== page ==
A regional semifinalist the year before, the Spartans went on to post a 30-0 record and win the Virginia state title in 1997, the program's first ever. Although the Spartans were already a formidable regional force, Gibson said Lawson helped transform a 25-3 team to a 30-0 team.

"West Springfield was a good program, not necessarily the best, but a good program," said Lawson. She said the school was a better fit for her than Sidwell Friends was, and that she enjoyed the team game the Spartans played. "I was lucky to have a lot of good teammates," said Lawson.

WHEN SHE FIRST CAME TO West Springfield, Gibson said some of the girls on his team saw Lawson as a threat. However, it was not much later that they realized she was not there to steal the show.

"She made the people around her better, and she gave confidence to the other players around her," said Gibson. "That is often overlooked."

After Lawson's first game, her senior teammate Erin Caulfield told the Connection: "She'll only make us better. It's been a good transition from the beginning. Her passing and intensity stand out, and she gets everybody the ball."

Lawson said her favorite memories from high school basketball, as well as college and professional basketball, revolve around the time spent with her teammates. She said she grew up playing a lot of sports, but basketball and soccer were her main sports. She gave up soccer to concentrate solely on basketball right around the time the WNBA was formed. Lawson said her role models growing up were athletes who worked extremely hard, and that included Michael Jordan.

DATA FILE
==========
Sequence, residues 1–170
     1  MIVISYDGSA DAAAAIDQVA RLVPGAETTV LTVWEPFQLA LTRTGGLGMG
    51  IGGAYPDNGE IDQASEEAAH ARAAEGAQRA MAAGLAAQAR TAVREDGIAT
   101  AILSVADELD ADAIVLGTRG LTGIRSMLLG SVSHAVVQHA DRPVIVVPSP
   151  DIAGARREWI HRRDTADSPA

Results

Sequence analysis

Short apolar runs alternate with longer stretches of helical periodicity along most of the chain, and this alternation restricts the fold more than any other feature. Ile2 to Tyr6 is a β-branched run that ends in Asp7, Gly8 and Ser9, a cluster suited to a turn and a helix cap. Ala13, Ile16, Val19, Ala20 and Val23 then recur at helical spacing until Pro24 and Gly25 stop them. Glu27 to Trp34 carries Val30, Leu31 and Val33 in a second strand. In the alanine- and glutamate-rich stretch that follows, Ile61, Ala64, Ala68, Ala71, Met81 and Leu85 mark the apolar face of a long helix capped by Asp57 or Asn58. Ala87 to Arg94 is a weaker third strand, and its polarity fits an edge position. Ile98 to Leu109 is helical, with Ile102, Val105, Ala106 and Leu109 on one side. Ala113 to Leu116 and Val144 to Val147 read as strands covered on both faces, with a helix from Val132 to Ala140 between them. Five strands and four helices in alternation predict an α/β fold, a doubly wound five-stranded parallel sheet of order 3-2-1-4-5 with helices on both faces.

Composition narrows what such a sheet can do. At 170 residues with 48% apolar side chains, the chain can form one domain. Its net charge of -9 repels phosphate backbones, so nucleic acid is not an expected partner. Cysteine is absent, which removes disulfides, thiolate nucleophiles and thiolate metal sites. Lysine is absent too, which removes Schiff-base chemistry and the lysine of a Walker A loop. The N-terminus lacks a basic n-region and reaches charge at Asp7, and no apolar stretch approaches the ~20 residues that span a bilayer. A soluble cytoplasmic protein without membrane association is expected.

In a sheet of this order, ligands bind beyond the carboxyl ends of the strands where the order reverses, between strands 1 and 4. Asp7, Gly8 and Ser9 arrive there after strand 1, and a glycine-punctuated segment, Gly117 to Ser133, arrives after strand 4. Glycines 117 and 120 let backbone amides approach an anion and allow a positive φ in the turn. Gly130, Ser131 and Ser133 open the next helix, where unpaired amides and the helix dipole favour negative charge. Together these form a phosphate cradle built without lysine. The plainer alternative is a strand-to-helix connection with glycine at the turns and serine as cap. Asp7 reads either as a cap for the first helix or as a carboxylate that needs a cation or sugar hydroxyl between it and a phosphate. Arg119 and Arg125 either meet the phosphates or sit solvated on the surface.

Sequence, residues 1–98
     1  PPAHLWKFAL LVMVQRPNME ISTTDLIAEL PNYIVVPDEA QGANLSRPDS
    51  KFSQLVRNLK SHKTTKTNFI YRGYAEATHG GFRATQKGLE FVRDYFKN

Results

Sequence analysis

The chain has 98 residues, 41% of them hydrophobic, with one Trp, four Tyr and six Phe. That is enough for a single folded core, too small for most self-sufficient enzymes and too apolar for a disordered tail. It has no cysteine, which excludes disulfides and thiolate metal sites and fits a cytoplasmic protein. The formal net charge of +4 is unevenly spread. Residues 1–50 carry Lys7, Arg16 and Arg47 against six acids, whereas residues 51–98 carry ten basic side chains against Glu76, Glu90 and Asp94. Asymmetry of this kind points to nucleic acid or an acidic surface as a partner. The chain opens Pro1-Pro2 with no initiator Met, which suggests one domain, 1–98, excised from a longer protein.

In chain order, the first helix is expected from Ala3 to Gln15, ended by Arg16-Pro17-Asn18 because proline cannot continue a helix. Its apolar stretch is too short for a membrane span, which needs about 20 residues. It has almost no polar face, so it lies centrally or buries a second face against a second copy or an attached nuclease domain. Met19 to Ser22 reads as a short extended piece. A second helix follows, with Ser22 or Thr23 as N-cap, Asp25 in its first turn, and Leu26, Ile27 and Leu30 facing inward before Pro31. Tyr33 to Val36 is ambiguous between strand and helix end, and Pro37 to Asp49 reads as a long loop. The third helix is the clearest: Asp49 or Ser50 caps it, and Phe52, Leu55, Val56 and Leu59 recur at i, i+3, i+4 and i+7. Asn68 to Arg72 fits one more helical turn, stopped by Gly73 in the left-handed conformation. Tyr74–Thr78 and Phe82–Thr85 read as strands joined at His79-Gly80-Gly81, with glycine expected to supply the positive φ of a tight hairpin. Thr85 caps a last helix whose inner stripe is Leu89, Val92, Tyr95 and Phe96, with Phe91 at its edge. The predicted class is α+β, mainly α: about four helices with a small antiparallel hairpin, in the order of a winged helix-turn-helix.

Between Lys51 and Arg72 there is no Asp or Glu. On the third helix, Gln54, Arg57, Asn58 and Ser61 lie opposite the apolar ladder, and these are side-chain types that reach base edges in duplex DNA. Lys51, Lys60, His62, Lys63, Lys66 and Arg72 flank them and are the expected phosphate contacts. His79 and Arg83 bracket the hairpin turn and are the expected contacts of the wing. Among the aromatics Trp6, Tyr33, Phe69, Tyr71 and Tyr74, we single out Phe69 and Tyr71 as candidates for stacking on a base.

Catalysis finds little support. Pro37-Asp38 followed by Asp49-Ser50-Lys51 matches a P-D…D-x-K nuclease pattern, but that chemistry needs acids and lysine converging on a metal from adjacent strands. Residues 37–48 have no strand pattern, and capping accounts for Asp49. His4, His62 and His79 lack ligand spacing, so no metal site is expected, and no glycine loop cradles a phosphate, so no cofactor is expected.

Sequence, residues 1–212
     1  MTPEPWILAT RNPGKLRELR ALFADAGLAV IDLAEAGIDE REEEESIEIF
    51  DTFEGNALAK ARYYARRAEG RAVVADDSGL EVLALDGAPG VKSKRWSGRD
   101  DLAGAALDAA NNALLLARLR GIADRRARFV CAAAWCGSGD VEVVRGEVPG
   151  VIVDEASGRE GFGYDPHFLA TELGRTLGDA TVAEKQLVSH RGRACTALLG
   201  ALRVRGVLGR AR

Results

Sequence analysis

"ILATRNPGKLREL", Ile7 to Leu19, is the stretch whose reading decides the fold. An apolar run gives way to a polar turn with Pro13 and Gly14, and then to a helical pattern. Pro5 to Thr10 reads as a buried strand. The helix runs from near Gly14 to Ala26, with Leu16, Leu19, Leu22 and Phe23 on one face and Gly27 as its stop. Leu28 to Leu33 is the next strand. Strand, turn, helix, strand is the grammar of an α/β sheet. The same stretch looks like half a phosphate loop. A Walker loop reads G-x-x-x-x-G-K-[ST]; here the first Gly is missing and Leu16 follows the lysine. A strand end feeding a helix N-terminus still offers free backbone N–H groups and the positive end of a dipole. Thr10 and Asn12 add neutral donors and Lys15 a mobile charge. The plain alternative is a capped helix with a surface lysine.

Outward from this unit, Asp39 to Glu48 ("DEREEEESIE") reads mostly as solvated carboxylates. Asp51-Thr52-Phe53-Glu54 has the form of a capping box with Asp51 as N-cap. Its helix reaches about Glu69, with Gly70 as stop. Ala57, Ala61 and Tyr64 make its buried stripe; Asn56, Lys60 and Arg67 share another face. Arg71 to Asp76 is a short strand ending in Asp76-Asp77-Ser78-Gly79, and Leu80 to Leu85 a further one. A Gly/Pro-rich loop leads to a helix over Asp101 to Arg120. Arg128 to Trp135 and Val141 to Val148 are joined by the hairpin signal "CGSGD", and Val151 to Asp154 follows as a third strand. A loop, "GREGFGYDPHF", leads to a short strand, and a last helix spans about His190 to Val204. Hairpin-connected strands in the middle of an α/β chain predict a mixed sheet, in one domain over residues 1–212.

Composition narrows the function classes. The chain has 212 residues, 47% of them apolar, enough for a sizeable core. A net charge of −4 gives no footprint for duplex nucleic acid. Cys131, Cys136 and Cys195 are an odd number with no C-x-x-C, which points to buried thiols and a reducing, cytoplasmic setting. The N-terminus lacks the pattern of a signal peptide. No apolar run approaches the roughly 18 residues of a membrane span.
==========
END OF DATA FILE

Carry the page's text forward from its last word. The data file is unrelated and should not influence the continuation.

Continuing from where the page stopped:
The Spartans repeated their 1997 state title in 1999, Lawson's senior year, posting another 30-0 record. Lawson was named the Naismith High School Player of the Year, the Virginia Player of the Year and was a WBCA, USA Today and Parade Magazine All-American in 1999.

AS A TENNESSEE VOLUNTEER, Lawson helped the team to a 126-17 record and four SEC titles. However, she did not succeed in her bid to win an NCAA Division I title with Tennessee. The Volunteers played in two NCAA championship games, but lost both of them. "She chose Tennessee because she would have four chances to win the national championship," said Gibson.

Even though she failed to secure a national title at Tennessee, Lawson stayed on course with her academic commitment and received the 2003 Woody Hayes National Scholar Athlete award, presented to a select few college students who demonstrate excellence in both academics and athletics.

After four years at Tennessee, Lawson was drafted into the WNBA. The Detroit Shock drafted her as the No. 5 pick in 2003, but then immediately traded her away to the Sacramento Monarchs. In 2005, Lawson won her first WNBA title with the Monarchs, contributing with eight points per game in the regular season. Lawson raised her average to 11.2 points per game during the playoffs. She was also a part of a number of national team selections, both with junior and senior national teams. Lawson is still with the Monarchs, working hard towards defending the WNBA title from last year.

Kara Lawson is 2 in a survey of the area's Top 100 Athletes by Connection Newspapers in 2000.